US 4199349 A
A process for producing feedstock of highly metallized reduced iron from a metalliferrous slurry in which the slurry is subjected to high pressure filtration (9) and the resultant filter cake is then broken up and fed into a kiln (10) for firing together with a reductant.
The slurry may be ferruginous waste products from ironmaking/steelmaking processes i.e. in-plant fines and additions may be made to the slurry (1 to 7) to aid the reduction stage of the process or to aid the agglomeration stage.
1. A process for producing feedstock of highly metallized reduced metal which comprises the steps of preparing a slurry of metalliferous particles, subjecting the slurry to high pressure filtration at a pressure of at least about 200 p.s.i. to produce a filter cake of said metalliferous particles, breaking up said filter cake into pieces, adding a reductant to said filter cake pieces, feeding the filter cake pieces together with said reductant into a kiln, and reducing said metalliferous particles in said kiln whereby to produce said feedstock.
2. A process according to claim 1, in which the slurry is prepared from ferruginous waste products from ironmaking or steelmaking processes.
3. A process according to claim 2, in which the slurry is dispensed from storage hoppers, and the dispensed materials are mixed together in a mixer before being subjected to high pressure filtration.
4. A process according to claim 3, in which coke and lime additions are made to the mixer to aid reduction and agglomeration, respectively.
5. A process according to claim 4, in which the filter cake is dried before feeding into the kiln.
6. A process according to claim 5, in which the filter cake is pre-heated before charging into the kiln.
7. A process according to claim 4, in which the filter cake has a patterned impression formed in it to aid its breakage.
8. A process according to claim 1, in which the slurry is prepared from the waste products obtained from the iron extraction from its ore.
9. A process for producing a feedstock of highly metallized reduced iron which comprises the steps of preparing a slurry of metalliferous particles derived from mixed waste products from steelmaking processes, injecting said slurry of mixed waste products into a high pressure filter operating at a pressure of at least about 200 p.s.i. whereby to produce a filter cake, breaking up said filter cake into pieces, adding a reductant to said pieces, charging said pieces of filter cake together with said reductant into a kiln and reducing said metalliferous particles in said kiln whereby to produce said feedstock.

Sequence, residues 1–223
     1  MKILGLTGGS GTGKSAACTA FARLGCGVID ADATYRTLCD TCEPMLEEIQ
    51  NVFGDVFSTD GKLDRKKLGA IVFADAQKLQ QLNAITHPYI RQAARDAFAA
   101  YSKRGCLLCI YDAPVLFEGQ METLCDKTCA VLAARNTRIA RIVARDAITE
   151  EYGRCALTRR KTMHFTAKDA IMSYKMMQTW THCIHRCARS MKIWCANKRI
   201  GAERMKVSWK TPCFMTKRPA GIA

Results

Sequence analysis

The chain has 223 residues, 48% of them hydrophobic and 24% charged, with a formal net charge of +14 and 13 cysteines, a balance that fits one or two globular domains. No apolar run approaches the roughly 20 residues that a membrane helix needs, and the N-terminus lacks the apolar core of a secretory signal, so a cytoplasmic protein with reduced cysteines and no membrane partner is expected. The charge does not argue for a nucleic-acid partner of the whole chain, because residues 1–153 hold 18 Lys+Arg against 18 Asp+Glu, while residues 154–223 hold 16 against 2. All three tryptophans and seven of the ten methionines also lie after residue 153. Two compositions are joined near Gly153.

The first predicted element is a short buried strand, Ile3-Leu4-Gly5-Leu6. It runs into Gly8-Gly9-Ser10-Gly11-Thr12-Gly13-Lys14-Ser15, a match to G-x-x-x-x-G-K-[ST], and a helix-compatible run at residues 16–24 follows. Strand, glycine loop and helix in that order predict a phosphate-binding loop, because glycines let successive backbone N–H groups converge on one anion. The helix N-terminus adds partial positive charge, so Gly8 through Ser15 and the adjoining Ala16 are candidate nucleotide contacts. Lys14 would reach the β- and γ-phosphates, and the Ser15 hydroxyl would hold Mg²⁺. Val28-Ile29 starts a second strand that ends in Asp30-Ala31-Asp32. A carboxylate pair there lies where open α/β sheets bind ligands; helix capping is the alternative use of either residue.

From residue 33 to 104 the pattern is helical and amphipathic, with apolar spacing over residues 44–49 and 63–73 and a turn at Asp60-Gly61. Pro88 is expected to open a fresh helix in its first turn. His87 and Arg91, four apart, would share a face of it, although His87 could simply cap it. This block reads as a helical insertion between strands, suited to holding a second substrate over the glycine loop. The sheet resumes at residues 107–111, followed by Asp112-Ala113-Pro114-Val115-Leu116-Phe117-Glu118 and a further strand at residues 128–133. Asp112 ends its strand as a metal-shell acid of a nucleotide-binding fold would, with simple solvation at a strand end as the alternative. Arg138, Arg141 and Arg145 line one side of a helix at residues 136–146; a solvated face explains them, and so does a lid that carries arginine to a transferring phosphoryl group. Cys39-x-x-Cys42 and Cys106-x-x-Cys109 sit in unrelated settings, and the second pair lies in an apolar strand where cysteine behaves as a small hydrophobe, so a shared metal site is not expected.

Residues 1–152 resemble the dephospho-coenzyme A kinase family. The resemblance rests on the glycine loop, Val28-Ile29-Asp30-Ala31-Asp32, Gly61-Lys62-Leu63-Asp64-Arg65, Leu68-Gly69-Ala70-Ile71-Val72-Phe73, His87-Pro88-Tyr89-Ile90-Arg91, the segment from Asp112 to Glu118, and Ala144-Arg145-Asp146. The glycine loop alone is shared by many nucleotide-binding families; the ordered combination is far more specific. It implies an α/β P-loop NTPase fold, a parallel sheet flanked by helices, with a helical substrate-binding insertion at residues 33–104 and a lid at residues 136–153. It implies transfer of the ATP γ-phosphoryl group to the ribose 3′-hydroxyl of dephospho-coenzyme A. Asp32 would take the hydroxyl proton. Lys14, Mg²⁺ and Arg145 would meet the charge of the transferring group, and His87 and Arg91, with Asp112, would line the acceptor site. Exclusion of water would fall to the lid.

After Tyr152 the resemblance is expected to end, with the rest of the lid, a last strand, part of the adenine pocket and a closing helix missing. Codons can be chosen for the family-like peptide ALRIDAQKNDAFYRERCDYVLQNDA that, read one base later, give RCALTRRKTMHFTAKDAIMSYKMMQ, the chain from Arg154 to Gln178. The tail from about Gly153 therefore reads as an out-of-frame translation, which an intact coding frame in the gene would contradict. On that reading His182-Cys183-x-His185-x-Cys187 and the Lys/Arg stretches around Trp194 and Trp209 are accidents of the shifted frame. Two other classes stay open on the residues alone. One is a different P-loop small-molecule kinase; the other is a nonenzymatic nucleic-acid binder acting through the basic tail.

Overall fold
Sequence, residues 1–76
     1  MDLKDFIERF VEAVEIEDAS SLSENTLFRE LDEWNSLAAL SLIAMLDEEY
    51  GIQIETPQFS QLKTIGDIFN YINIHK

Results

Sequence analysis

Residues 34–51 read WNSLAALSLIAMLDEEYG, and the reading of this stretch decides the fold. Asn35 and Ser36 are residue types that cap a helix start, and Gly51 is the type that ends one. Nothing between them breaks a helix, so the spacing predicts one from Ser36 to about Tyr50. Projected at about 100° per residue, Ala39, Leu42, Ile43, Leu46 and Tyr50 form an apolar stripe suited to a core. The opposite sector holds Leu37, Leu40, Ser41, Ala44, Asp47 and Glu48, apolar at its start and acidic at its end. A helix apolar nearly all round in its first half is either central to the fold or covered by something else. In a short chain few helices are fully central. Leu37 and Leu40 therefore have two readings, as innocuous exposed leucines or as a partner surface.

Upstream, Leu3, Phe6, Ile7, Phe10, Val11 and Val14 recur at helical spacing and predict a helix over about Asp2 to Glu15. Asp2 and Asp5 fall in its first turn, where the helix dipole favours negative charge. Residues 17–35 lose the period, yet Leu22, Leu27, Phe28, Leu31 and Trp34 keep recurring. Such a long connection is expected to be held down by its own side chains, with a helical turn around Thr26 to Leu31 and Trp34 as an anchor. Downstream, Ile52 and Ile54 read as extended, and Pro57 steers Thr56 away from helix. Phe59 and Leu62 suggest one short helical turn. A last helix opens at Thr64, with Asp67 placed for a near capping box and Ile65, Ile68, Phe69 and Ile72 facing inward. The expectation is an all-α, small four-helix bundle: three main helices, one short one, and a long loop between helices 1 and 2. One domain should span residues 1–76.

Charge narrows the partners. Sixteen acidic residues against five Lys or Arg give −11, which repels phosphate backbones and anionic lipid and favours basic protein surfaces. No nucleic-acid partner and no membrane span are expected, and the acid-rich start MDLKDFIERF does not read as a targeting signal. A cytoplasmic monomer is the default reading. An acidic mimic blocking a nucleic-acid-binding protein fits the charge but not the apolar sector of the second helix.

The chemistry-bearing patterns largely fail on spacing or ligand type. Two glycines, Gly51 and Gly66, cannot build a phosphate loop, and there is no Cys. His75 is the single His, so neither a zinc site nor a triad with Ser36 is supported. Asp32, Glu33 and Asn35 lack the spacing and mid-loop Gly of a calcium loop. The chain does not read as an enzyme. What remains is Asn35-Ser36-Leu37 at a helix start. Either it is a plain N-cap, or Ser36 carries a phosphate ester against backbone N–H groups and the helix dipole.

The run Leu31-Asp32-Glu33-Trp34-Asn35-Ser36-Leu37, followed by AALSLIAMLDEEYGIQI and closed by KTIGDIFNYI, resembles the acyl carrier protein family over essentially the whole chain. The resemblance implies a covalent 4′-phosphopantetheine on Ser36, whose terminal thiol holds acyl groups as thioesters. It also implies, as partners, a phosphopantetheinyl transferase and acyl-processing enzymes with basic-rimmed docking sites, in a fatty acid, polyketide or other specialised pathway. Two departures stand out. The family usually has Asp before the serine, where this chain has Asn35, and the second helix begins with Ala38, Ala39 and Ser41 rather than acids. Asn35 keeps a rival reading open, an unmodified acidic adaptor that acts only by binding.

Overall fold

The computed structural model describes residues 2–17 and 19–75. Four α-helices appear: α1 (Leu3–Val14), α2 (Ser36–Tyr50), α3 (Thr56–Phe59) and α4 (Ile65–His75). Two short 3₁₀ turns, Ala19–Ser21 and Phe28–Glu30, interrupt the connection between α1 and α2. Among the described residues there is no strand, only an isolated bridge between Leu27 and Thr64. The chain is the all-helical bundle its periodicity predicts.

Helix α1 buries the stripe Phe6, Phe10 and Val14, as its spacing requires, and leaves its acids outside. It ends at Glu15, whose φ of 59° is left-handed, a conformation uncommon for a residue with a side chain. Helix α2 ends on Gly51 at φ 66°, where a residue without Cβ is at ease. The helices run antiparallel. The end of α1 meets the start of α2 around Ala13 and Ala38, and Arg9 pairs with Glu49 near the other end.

10. A process according to claim 9 in which millscale is dispensed into the mixer in addition to said waste products.
11. A process according to claim 1, in which a reductant is added to said slurry prior to said high pressure filtration of said slurry.
12. A process according to claim 2, in which said high pressure filtration takes place at a pressure of at least 1500 p.s.i.
This invention relates to a process for producing a reduced iron (sponge iron) from metalliferous slurries e.g. for use in a blast furnace burden or as a raw material for steelmaking.
From one aspect, the invention provides a process for producing feedstock of highly metallised reduced iron from a metalliferous slurry, comprising subjecting the slurry to high pressure filtration, breaking up the resultant filter cake and feeding these cake components into a kiln for firing, together with a reductant, whereby to produce the said feedstock.
The slurry may be ferruginous waste products from ironmaking/steelmaking processes, i.e. in-plant fines, or the slurry may be the product of iron extraction processes from its ore, e.g. an iron ore slurry obtained from concentration processes; the invention also embraces a chrome ore slurry which may likewise be obtained in this manner.
Preferably, additions are made to the slurry either to aid the reduction stage of the process, e.g. lime and/or a solid reductant (coke or coal), or to aid the agglomeration stage, e.g. bentonite. Rolling mill waste, i.e. millscale, may also be added at the slurry stage. These additions to the slurry will form a composite filter cake.
The high pressure filter may conveniently be of dual chamber design defined by two concentric cylinders, the slurry being pumped into the outer annulus thus formed and compressed therein to define an annular filter cake which is then broken up on withdrawal. Two-step pressure filtration may be performed in the outer annulus to obtain the high degree of compression required on the `green` cake which must be sufficient to render it handleable.
Alternatively, a vertically operable high pressure filter of the tube press type may be employed.
Hitherto, various forms of pelletising such slurries have been proposed involving the steps of drying and blending before moisturising and pelletising the resultant mix, following which the pellets were reduced in a kiln. Compared with the process in accordance with this invention however, the steps of drying for mixing, moisturising and pelletising are avoided and substituted by a simple wet mixing process followed by high pressure filtration.
With the pelletising process there are limitations on the size of the particles in the blend. Such limitations are not so stringent in accordance with our invention where there is less need for comminution of input material. The metallurgical advantages which ensue from our route are that alkalis are removed from the slurry in the filter wash water giving a lower alkali content in the metallised product, and the greater particle size of reductant (coke or coal) tolerated by the high pressure filter permits a greater degree of latitude in this area which is advantageous insofar as the smaller specific surface area of the larger particle size of reductant gives rise to a slower and more controlled reaction between the reductant and the oxide at the onset of reduction. Further, the proportion of reductant added can be appreciably greater than the nominal 10% limitation on the initial blend carbon content in the pelletising route, and this gives rise to a higher degree of removal of tramp elements during the reduction phase, e.g. zinc, sodium, potassium, and greater metallisation, and may give rise to a less friable filter cake.